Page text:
How we invest

Main objective of AtlasCapital is to seek capital appreciation by dynamically managing the asset allocation between equity and fixed income/cash based on the relative valuation of equity and debt markets. Hedge element can be added occasionally to minimize downside risk. Since investors, on average, fare better in less volatile funds, we will try to lower volatility to a level where trade-off between return and risk is optimal. However, there can be no assurance that the investment goal will be realized.

We hope to achieve our objective by investing in undervalued stocks with economic moat: companies earning consistently good returns on capital due to sustainable competitive advantages. The term "moat" was originally coined by Warren Buffet who said:

"It is far better to invest in wonderful companies at fair prices, than in fair companies at wonderful prices."

What does it actually mean? It's much better to pay a fair price for a company with economic moat, instead of buying at low price companies with average returns and vague prospects. A company with an economic moat can fend off competition and earn high returns on capital for many years to come. We wish to go beyond that - by purchasing wonderful companies at wonderful prices. Market price and intrinsic value often follow very different paths, but eventually they meet. The wider the difference between the two - the higher margin of safety of investment. Our task is to find such discrepancies.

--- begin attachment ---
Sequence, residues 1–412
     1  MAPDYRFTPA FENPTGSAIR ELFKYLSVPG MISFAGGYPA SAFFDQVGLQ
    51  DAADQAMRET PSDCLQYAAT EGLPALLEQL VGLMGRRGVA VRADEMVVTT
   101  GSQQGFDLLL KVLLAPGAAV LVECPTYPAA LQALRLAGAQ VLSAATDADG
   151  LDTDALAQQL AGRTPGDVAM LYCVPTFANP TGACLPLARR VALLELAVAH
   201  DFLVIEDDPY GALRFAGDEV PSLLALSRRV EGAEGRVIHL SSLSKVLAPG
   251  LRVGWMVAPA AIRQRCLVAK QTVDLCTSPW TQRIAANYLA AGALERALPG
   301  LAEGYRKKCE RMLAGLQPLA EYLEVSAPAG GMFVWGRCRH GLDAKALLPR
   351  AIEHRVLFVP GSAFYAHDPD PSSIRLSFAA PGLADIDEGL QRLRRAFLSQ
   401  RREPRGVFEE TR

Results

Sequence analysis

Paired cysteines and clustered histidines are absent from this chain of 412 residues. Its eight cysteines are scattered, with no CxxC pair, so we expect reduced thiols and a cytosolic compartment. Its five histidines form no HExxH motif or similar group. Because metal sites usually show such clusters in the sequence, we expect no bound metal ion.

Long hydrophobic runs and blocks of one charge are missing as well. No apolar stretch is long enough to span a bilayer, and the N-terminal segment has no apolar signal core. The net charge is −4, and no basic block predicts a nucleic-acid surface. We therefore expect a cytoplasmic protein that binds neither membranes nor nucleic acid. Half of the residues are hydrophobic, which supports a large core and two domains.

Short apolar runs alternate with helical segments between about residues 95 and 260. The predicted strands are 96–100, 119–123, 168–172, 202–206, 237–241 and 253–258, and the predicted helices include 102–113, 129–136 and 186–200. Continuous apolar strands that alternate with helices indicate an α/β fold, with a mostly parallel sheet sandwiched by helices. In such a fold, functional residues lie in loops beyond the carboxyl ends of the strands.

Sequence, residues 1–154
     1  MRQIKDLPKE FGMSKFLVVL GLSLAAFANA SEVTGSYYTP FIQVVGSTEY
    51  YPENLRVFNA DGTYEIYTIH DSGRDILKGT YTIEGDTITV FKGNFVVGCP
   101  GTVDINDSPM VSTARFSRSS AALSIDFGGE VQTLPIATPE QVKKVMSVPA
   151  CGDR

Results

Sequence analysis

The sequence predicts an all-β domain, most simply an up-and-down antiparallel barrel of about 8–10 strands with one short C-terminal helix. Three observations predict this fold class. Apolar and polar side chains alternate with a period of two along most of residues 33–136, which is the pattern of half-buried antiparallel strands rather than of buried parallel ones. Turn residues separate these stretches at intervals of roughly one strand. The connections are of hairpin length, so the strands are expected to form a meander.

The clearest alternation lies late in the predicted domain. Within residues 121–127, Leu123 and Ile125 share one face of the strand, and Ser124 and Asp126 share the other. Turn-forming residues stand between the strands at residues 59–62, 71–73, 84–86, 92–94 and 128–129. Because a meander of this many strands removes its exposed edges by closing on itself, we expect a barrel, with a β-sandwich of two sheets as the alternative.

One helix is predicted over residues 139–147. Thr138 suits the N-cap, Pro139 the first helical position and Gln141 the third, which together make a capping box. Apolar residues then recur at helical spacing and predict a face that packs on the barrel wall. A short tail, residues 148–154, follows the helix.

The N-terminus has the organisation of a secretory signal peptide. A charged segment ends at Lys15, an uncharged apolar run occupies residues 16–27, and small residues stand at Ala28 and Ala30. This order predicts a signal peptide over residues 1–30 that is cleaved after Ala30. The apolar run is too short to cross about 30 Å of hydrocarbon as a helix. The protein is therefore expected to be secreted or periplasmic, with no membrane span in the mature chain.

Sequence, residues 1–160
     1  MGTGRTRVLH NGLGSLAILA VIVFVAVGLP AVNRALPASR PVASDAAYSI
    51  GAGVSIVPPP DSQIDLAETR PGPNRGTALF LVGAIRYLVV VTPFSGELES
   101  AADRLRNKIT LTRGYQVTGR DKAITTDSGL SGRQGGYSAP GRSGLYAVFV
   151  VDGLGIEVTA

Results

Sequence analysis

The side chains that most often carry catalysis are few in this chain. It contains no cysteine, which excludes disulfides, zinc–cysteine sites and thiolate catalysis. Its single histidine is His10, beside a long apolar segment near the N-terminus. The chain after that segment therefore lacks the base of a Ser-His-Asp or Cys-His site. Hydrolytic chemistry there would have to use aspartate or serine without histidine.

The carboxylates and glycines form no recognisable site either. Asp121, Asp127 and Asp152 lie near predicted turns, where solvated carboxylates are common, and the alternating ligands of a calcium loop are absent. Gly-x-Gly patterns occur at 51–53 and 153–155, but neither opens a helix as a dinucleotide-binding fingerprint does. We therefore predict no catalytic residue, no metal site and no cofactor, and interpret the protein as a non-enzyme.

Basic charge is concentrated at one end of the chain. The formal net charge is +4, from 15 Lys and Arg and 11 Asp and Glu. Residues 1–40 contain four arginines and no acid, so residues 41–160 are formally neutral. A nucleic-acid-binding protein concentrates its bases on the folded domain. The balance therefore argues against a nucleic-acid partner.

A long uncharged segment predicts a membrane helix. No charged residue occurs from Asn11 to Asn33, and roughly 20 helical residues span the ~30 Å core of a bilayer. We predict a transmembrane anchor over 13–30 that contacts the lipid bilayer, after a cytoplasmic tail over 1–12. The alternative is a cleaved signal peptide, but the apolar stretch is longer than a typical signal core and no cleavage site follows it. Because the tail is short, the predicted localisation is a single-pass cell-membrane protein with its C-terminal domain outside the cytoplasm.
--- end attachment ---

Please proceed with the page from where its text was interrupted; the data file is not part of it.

While the goal is to exceed market return over long-term by at least 5%, in no sense is any rate of return guaranteed to investors. Whether we do a good job or a poor job is not to be measured by whether we are plus or minus for the year. It is instead to be measured against the general experience in securities as measured by the S&P index. If our record is better than that of this yardstick, we consider it a good year whether we are plus or minus. If we do poorer, we deserve no compliment. While we much prefer a five-year test, we feel three years is an absolute minimum for judging performance. It takes time for market price to adjust to intrinsic value. If any three-year or longer period produces poor results, we all should start looking around for other places to have our money.

Let us express few thoughts about diversification. S&P 500 is very well diversified portfolio, however, if you invest in ETF tracking this index, you will have a broad basket of stocks, but you won’t have any chance to beat the market. At AtlasCapital we are following a policy regarding diversification which differs markedly from that of practically all public investment operations. We don’t mind to have concentrated portfolio with 8-10 positions instead of wide diversification. While we do agree that there is sometimes high uncertainty (don’t confuse uncertainty with risk) in any individual position, these uncertainties compensate each other when combined in one portfolio. Stated simply, we are betting against efficient-market hypothesis, widely taught at famous business schools.

Nevertheless, we believe certain level of diversification is a requirement, and to achieve this we will manage risk by actively balancing the portfolio and diversifying by asset classes, geographies and sectors. 

Since we have no interest in any activity that could pose the slightest threat to our wellbeing, leverage is generally avoided.